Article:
Clean Water Act Interpretation
The Obama administration is mulling regulatory guidance for the Clean Water Act that would reinstate language that was proposed by the George W. Bush administration, but was stymied by opposition from industry groups. Greenwire reports that the new guidance would make a broader claim as to which wetlands and small streams are protected under the nation’s landmark legislation for water quality.
Federal water regulations have been in a state of confusion since a 2006 U.S. Supreme Court decision did not produce a majority opinion clarifying what qualifies as a wetland or as “navigable waters” under the Clean Water Act.
The Bureau of Reclamation gave out a $10 million pipeline construction contract, the first of many for a billion dollar water project in northwestern New Mexico. The Navajo-Gallup Water Supply project will deliver water to the Navajo Nation and other towns through 280 miles of pipeline. It was one of 14 projects that the Obama administration put on the “fast-track” for regulatory approval last October.
The bureau also awarded US$2.4 million for supply and demand studies in five river basins in the western U.S.: the Los Angeles Basin in California; the Pecos River Basin in New Mexico; the Republican River Basin in Colorado, Kansas and Nebraska; the Sacramento-San Joaquin River Basins in California and the Upper Washita River Basin in Oklahoma.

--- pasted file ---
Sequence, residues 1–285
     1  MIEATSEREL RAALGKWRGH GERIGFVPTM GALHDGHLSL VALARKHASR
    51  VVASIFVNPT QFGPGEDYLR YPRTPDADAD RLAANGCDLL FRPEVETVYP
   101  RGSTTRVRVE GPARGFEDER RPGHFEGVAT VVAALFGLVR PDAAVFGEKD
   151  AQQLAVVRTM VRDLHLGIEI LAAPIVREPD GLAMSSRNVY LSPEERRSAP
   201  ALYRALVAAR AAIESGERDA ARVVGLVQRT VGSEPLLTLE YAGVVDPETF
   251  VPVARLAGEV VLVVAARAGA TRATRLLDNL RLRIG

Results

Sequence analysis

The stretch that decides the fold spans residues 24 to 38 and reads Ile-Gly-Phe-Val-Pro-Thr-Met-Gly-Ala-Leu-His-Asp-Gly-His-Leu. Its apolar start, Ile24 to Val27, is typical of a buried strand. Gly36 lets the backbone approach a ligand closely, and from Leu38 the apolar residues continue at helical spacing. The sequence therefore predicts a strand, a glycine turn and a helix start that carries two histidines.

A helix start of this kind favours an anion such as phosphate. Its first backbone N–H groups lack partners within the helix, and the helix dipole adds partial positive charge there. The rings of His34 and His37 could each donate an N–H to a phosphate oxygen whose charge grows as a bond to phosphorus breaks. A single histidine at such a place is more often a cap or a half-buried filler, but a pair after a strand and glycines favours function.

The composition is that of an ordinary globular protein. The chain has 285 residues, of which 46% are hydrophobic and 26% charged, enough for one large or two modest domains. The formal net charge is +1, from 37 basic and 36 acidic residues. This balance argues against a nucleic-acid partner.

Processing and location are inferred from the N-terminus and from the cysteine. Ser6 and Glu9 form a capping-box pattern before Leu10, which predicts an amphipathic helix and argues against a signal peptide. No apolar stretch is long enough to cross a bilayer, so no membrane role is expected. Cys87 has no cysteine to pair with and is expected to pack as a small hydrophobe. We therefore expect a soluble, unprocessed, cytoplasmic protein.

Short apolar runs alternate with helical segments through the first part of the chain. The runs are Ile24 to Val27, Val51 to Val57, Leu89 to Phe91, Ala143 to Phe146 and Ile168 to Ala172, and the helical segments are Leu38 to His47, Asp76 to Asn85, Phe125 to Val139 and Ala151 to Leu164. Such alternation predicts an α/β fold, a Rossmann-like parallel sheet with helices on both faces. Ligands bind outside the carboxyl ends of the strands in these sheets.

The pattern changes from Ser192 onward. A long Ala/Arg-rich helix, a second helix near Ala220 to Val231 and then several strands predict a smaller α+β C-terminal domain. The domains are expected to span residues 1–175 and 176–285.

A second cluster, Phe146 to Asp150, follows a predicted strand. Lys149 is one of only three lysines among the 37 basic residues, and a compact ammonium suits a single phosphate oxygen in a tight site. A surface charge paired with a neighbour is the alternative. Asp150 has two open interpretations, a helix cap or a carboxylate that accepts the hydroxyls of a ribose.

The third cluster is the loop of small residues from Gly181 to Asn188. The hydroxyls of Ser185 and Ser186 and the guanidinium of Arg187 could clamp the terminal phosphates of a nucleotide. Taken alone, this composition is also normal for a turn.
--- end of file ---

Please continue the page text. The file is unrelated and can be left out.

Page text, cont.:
Rising Seas, Flooded Coasts
On April 19, the Senate Committee on Energy and Natural Resources convened to discuss sea level rise and its effect on infrastructure. Witnesses included NASA’s chief scientist, a representative from the New York City mayor’s office, and several researchers.
Adam Freed, the deputy director of long-term planning and sustainability for New York City, urged the committee to continue federal funding for local climate change adaptation and to allow regulatory flexibility in the face of new environmental circumstances.
The Bureau of Reclamation will renovate some of the generating units at Washington state’s Grand Coulee Dam, the facility that is tops in the nation for producing hydroelectric power. The Associated Press reports that the bureau hopes the modern controls will boost power capacity by 240 megawatts. Current capacity is 6,800 megawatts.
The House Agriculture Committee continues its work on the 2012 version of the Farm Bill, the gargantuan piece of legislation that comes up for renewal roughly every five years and covers land use, farm subsidies, crop insurance, and nutrition programs, among many other things.
Last week, the committee completed its field hearings. This week, several subcommittees will work through aspects of the bill during hearings in D.C.
Brett writes about agriculture, energy, infrastructure, and the politics and economics of water in the United States. He also writes the Federal Water Tap, Circle of Blue’s weekly digest of U.S. government water news. He is the winner of two Society of Environmental Journalists reporting awards, one of the top honors in American environmental journalism: first place for explanatory reporting for a series on septic system pollution in the United States(2016) and third place for beat reporting in a small market (2014). He received the Sierra Club’s Distinguished Service Award in 2018. Brett lives in Seattle, where he hikes the mountains and bakes pies. Contact Brett Walton